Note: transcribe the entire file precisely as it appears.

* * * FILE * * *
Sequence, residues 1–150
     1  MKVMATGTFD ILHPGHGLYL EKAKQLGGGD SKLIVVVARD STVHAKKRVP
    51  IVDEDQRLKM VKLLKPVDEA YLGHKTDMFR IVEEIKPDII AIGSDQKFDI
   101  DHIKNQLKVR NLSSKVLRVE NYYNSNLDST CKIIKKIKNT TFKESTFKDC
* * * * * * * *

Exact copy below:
Sequence, residues 1–150
     1  MKVMATGTFD ILHPGHGLYL EKAKQLGGGD SKLIVVVARD STVHAKKRVP
    51  IVDEDQRLKM VKLLKPVDEA YLGHKTDMFR IVEEIKPDII AIGSDQKFDI
   101  DHIKNQLKVR NLSSKVLRVE NYYNSNLDST CKIIKKIKNT TFKESTFKDC